March 4, 2020

Six Actions for Healthcare Leaders During a Pandemic Crisis

Clinician Leadership | Leadership Development

Reading Time: 5 minutes

The idea of a novel virus outbreak, such as the COVID-19 virus, or Coronavirus, occurring is not exactly news to healthcare executives and clinical leaders. While the media might continue to heighten the public’s awareness to the spread of the virus, healthcare executives and teams have trained extensively and practice drills periodically to prepare themselves for a potential outbreak. They prepare for a large variety of other potential incidents including hazardous material, mass shootings or casualties, and pandemics that can quickly become a crisis. Situations like this could significantly disrupt normal business operations and require executives to lean on the trusted relationships they’ve created prior to the beginning of a crisis.

Leadership is almost always tested during times of crisis. An assessment of the leader’s skills is based on the way he/she acts and behaves before, during, and after a crisis. Indeed, it’s often difficult to truly predict the exact crisis, when it will occur, or how long it will last. The real test of executive leadership doesn’t occur when everything is running smoothly; it occurs in the midst of the unexpected scenarios.

Additionally, strong leadership is critical to mitigate or minimize any damage to the reputation or credibility of the healthcare facility during times of significant crisis.  In times of crisis, it’s critical to move quickly and communicate often while taking care of your team members.

Build trusted relationships.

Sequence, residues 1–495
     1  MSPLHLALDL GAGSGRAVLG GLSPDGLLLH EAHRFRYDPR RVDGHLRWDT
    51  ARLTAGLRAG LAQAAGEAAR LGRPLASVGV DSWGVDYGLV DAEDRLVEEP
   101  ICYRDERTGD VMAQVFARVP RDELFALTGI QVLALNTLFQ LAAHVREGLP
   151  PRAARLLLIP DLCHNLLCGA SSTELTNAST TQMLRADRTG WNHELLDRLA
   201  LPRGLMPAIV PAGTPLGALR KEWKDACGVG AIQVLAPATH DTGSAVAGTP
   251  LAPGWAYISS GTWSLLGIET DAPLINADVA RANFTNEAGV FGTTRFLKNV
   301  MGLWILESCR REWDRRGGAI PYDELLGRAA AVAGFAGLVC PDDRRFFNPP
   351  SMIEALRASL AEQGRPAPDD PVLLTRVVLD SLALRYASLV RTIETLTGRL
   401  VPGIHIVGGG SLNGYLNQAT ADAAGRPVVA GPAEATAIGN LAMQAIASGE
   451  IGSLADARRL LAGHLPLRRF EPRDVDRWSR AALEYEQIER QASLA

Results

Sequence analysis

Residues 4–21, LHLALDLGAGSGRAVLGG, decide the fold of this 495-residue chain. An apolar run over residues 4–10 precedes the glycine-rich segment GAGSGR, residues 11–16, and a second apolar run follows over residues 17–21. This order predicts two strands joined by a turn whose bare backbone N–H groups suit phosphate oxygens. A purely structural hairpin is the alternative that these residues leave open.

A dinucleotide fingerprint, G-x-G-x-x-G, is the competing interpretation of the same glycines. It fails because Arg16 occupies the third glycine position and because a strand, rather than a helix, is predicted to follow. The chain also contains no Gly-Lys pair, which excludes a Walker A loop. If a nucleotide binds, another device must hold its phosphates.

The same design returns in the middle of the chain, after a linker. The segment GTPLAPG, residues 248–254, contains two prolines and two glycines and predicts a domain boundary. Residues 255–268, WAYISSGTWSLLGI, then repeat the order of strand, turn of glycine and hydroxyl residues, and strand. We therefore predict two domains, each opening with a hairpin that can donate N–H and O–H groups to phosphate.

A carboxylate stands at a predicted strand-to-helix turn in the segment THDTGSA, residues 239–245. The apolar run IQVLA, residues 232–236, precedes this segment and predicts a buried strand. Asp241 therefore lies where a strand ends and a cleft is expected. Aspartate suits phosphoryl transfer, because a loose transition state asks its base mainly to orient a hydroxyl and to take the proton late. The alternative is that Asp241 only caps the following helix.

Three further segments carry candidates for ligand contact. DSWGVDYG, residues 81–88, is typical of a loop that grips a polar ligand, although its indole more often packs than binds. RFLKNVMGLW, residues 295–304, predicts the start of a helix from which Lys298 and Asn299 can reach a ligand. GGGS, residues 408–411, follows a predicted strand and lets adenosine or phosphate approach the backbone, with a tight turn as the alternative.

Patrick Lencioni, the author of various books on business team management best known for The Five Dysfunctions of Teams, discusses the costs of failing to build trust. He says it will create waste in the form of inordinate amounts of time and energy managing the behaviors and interactions within the group.

When is the time to start working on trust? The timing is now. Before there is a crisis. Strong strategic and trusted relationships are critical in healthcare particularly between administration and physicians. Fractured relationships often will become very heated during a crisis, so it’s important to build stronger relationships, now. It’s important to recognize that building trust takes time and hard work and that it must be earned. Trusting relationships can be created by being consistent, honest, and supportive, by being a strong and active listener and fostering an environment based on respect and accountability.

Understand your role and responsibilities.

Blaine Bartlett, our MEDI Leadership colleague, defines leadership as the “activity of co-creating coordinated movement that causes actions necessary to produce desired results.” This is critical in times of crisis. The role of the leader doesn’t change, but the focus intensifies.

In fact, during an emergency management situation the titled leader might not be the one who is running the incident command and that position is typically established ahead of the crisis. This is the time when many people will essentially leave their badge, title, and ego at the door.  During incident command training the person who is in charge might be the person who first arrives and will stay in that role until someone arrives who has been previously identified to step in and lead. There is constantly a revision of clear roles and responsibilities evolving in these moments. There are also times when jurisdiction must be established and may be led by others outside of your health system including local community first responders, state, or possibly federal agencies.

Be decisive and adaptable.

A crisis is a point of time where leaders are expected to make quick and often difficult decisions. When the crisis action plan begins everyone must be focused and remain determined to complete the tasks on hand. In crisis, leaders are expected to lead their teams to act and not hold them back from doing their jobs. It’s important for the leader and their teams to quickly evaluate all the information they know and make decisions on the best course of action.